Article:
Canada’s women’s national soccer team deserve pay transparency, pay equity and equal program funding.
A call for full transparency from the Equal Pay Coalition.
Canada’s women’s national soccer team players have a fundamental human right to discrimination-free pay and equal opportunities.
Today, March 9, 2023, the Women’s National Team players appear before the Federal Parliamentary Heritage Committee to seek pay transparency, equal pay and equal program funding.
In solidarity, the Equal Pay Coalition calls on the Heritage Committee to take action to ensure Soccer Canada meets its legal and basic human rights obligations for Canada’s highly celebrated women soccer players.
In 2021, the Federal Government brought a new pay transparency regulation into effect for federally regulated public and private sector employers after lobbying by groups such as the Equal Pay Coalition. The Heritage Committee can recommend that the same pay transparency law apply to Soccer Canada as a federally-funded entity.
The new federal pay transparency law requires employers to report wage gaps, pay gaps in bonuses, and gaps in hours worked between women and men. For the Women’s National Team players, pay transparency requires a full report on the number of games and camps for both the women’s and men’s national teams, now and planned for the next quadrennial. Transparency includes a detailed report on all sponsorship monies collected.
Equal Pay Day is fast approaching on April 4, 2023. The Heritage Committee can make a difference to ensure human rights are respected in sports and steps are taken to close the gender pay gap.
“Women are done waiting,” says Jan Borowy, co-chair of the Ontario Equal Pay Coalition. “It’s time to show us the money. Employers, such as Soccer Canada must be held to account and the Heritage Committee must make it a real priority to eradicate the barriers to women’s economic equality.”
“The gender pay gap is pervasive and includes women in sport,” says Fay Faraday, co-chair of the Equal Pay Coalition. “Repeated Statistics Canada reports on Canada’s labour market show that women are paid less than men in almost every occupational category, at every age group in the workforce and at every level of educational attainment. To close the gender pay gap we need active intervention to destroy these systemic patterns of discrimination. The Heritage Committee can make a difference for all women athletes now and in the future”.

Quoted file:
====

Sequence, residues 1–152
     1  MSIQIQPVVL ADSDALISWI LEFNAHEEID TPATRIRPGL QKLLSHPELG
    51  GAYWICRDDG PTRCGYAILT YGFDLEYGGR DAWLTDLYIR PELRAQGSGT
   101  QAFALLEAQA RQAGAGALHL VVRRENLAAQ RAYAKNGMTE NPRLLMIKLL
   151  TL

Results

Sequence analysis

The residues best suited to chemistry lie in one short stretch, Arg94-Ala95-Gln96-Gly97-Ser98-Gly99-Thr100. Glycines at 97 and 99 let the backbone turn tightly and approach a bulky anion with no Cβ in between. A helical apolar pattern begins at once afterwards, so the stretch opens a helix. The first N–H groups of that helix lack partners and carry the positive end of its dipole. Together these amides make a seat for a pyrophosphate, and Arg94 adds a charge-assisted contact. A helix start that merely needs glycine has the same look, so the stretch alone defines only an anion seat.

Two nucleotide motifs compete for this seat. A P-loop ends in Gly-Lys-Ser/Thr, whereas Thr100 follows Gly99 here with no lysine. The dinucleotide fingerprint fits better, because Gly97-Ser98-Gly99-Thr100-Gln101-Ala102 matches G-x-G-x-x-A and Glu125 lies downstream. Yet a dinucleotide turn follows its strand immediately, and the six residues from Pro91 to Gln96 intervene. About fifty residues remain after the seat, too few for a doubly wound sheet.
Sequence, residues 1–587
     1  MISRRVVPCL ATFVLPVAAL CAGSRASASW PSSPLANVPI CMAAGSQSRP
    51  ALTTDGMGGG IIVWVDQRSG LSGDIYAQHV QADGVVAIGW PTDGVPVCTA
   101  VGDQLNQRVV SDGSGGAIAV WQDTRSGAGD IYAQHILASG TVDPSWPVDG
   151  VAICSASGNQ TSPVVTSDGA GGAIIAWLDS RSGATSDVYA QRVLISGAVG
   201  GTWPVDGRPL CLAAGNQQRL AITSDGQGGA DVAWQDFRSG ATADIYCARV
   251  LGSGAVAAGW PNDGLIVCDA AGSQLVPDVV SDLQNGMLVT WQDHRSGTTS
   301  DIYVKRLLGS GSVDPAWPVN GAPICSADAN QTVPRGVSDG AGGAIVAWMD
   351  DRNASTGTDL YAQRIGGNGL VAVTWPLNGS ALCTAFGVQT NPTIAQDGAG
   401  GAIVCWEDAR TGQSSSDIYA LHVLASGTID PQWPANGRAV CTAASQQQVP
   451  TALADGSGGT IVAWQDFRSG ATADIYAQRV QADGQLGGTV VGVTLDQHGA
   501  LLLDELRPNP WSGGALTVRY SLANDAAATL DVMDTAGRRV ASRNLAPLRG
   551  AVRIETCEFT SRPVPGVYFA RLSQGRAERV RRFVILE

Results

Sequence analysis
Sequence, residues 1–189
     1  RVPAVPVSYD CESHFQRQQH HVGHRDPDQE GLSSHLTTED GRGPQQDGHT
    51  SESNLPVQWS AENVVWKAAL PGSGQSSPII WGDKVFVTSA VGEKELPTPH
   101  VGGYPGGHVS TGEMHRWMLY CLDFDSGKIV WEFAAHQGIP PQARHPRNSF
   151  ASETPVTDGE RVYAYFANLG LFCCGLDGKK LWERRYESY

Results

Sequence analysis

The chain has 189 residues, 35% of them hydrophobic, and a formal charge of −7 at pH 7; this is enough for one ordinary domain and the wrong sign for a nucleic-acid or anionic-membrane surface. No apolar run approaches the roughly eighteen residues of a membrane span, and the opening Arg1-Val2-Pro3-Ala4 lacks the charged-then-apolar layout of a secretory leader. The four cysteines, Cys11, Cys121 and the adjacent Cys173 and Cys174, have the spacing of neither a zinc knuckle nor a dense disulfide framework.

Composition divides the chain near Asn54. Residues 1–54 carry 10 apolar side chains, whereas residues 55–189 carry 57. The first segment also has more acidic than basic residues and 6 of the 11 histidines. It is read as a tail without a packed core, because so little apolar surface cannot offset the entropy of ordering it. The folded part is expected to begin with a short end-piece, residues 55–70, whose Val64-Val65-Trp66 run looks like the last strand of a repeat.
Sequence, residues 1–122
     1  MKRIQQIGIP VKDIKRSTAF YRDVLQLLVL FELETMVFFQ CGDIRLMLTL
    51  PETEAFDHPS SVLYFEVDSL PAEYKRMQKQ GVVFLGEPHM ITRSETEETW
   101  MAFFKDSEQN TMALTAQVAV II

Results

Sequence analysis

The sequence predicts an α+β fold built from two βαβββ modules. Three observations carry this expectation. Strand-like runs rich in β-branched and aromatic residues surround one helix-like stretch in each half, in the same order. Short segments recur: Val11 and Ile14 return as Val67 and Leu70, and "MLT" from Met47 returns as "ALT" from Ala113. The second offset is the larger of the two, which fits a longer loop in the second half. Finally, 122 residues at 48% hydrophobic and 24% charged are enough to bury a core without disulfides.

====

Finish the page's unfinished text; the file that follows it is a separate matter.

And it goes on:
“We join Canada’s Women’s National Soccer team to say: enough is enough,” says Patty Coates, President of the Ontario Federation of Labour and member of the Coalition, “the women players have a right to be treated with equality, dignity, and respect by Soccer Canada.”
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Equal Pay Day: Equal Pay Day is dedicated to raising awareness of the gender pay gap. It symbolizes how far into the next year the average woman must work in order to have earned what the average man had earned in the previous year. In Ontario, Equal Pay Day is April 4, 2023. The gender pay gap is a human rights and economic crisis. The Census data shows that Indigenous women in Ontario face a 43% gender pay gap; racialized women: 38%; immigrant women: 34%. On average, Ontario women face a 29.3% pay gap. (Census Canada data, Cat #98-400-X2016277)
About the Equal Pay Coalition: Since 1976, the non-partisan Equal Pay Coalition has been the main advocate for women’s pay equity in Ontario. The Coalition unites more than 40 women’s groups, trade unions, community groups, and business organizations representing hundreds of thousands of women in Ontario. For more information, please contact: Jan Borowy, 416-985-2069 or Fay Faraday, 416-389-4399 or firstname.lastname@example.org.